Eleven Branch Davidian cult members will go on trial Jan. 10 for the deaths of four federal agents at Mount Carmel, U.S. District Judge Walter S. Smith Jr. ruled Thursday.

What is not set, however, is where the trial will be held.

Some defense attorneys said they want to go to Austin. Smith, however, hinted that he is leaning toward moving the trial to San Antonio.

Defense attorney Dan Cogdell, who represents cultist Clive Doyle, wants it anywhere but Waco.

So do local residents, he said.

“I think the citizens of Waco are really tired of hearing about the issues and tired of the identity and tired of the whole prospect,” he said.

Smith said the trial will be moved to where room will be available for a lengthy, complicated case. Prosecutors said it will take them about six weeks to present their case.

There are four federal courtrooms in San Antonio and two in Austin.

Smith said he is still considering whether and where to move the trial, but said an Austin judge was concerned about holding the trial there.

“He was appalled that someone would use his courtroom for an extended period of time,” Smith said.

Cogdell said he thinks an impartial jury could be picked in Waco, but the “inordinately long time” it would take to select a jury makes it cost prohibitive.

Defense attorneys and government prosecutors argued before Smith a variety of motions during a pretrial hearing Thursday. Before the hearing, the trial had been set to start Nov. 8.

The 11 Branch Davidians are charged with murder and conspiracy to murder four agents of the U.S. Bureau of Alcohol, Tobacco and Firearms who were trying to serve search and arrest warrants at Mount Carmel, 10 miles east of Waco, on Feb. 28.

Some of the cult members also face a variety of lesser weapons charges.

In the gun battle, 16 ATF agents were wounded and at least five cult members were killed.

In addition to Doyle, the Branch Davidians set to go on trial are Norman W. Allison, Renos Avraam, Brad E. Branch, Jaime Castillo, Graeme L. Craddock, Livingston Fagan, Paul G. Fatta, Woodrow Kendrick, Ruth Riddle and Kevin A. Whitecliff.

A 12th cult member, Kathryn Schroeder, who had been charged with murder, pleaded guilty last month to a lesser charge of forcibly resisting arrest.

ATF testimony

In testimony Thursday, ATF agent Roland Ballesteros testified that the 100 or so agents readying themselves for the raid at the Bellmead Civic Center learned before they left that cult leader Vernon Howell, also known as David Koresh, and his followers knew they would be coming.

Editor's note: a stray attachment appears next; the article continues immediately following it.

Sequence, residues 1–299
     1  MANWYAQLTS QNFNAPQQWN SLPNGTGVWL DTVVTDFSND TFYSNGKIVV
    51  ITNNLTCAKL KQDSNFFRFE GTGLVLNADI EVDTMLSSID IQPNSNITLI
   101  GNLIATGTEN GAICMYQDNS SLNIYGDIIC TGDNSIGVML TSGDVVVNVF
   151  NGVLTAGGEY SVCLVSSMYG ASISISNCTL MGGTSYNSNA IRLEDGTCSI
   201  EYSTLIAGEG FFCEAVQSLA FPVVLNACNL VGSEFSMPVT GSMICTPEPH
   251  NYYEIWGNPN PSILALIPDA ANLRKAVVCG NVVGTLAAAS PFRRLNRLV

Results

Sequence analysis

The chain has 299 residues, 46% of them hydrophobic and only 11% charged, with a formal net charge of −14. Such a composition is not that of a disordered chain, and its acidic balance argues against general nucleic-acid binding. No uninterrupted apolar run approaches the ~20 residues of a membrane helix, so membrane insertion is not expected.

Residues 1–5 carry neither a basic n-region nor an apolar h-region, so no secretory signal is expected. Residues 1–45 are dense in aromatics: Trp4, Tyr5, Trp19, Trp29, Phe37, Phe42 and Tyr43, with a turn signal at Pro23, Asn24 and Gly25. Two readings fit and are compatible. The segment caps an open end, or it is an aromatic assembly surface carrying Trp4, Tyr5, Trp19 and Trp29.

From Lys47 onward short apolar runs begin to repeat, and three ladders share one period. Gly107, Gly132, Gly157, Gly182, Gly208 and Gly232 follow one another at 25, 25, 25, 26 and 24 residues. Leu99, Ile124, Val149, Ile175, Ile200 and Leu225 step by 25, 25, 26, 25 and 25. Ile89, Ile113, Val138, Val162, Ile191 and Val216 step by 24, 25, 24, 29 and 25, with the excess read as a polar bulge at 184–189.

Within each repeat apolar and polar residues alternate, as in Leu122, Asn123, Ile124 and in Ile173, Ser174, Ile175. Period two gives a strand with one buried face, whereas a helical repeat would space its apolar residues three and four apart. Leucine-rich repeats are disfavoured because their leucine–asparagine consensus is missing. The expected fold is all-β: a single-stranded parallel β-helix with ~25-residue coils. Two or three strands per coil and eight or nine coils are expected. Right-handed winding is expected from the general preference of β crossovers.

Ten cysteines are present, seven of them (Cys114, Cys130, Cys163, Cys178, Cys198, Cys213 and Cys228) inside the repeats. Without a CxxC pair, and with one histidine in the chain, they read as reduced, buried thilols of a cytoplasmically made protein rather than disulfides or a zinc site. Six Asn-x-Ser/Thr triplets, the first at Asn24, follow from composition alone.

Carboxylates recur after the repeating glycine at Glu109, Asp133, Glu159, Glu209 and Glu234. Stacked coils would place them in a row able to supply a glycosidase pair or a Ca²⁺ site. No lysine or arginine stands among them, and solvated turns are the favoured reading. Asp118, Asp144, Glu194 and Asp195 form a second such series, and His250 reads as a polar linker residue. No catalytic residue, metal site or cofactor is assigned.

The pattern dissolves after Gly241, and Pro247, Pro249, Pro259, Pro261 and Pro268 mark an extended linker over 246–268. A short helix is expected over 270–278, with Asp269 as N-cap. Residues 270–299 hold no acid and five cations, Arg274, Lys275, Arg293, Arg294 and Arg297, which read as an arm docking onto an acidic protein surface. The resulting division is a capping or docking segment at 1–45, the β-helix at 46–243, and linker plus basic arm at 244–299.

He said Chuck Sarabyn, second-in-command of the Houston ATF office, said, “They know we are coming. Hurry up, let’s go.”

Sarabyn and other top ATF leaders were suspended Thursday for their roles in the botched raid and their efforts at deception afterward.

He told Fort Worth attorney Jeff Kearney, who represents cult member Jaime Castillo, that there was no discussions to abort or alter the raid, which the ATF called “Operation Trojan Horse,” before the agents loaded into two cattle trailers and drove to Mount Carmel.

“The plan was the plan and we tried to execute it,” Ballesteros said.

Hail of bullets

Ballesteros said he was the third agent to exit the trailer and was assigned to get to the front door and announce who they were and their intent.

He said as he neared the gate in front of the door, Davidians began firing at the agents.

“Once you were two to three feet from the trailers, there was lead coming from all directions,” he said.

About 15 feet from the door, he said he saw Howell open the door. He saw no weapons, he said, and yelled, “Police. Search warrants. Lay down.”

He said Howell asked, “What’s going on?”

Ballesteros repeated his instructions, and Howell closed the door.

Ballesteros said he was then met by about 20 to 30 bullets sailing through the front door and he was later hit in the hand as he tried to turn the doorknob to enter, he said.

After he was hit, he rolled off the porch and into an area where dogs were kept, he said.

Read the Tribune-Herald's 7-part investigative series on the inner workings of the Branch Davidians. Hours after Part 2 appeared in print, the ATF raided the group's compound.

Read the Tribune-Herald’s account of the ATF raid on the Branch Davidian compound on Feb. 28, 1993. Four ATF agents and six in the compound were killed in the gunfight.

Read the daily news accounts of the 51-day siege at the Branch Davidian compound near Elk, which began Feb. 28 and lasted until April.

April 19 and beyond: FBI agents began inserting canisters of tear gas into the Branch Davidian compound in the early morning hours. By noon, it was on fire.

Federal officials left the compound site in late May 1993. As identifications of bodies continued, questions about the survivors, the compound and the cult itself began to emerge.

As the world began to take a critical look back at the events and legal proceedings continue, the ATF's bombshell report forces a shakeup at the top after the raid gone "tragically wrong."

In 1994, the surviving Davidians went on trial in San Antonio. Over six weeks, more than 140 witnesses testified, with the verdict coming just two days prior to the anniversary of the ATF raid.

The Rodenville shootout and the 1988 trial, the end of the world in 1959 and more stories from deep in the Trib archives.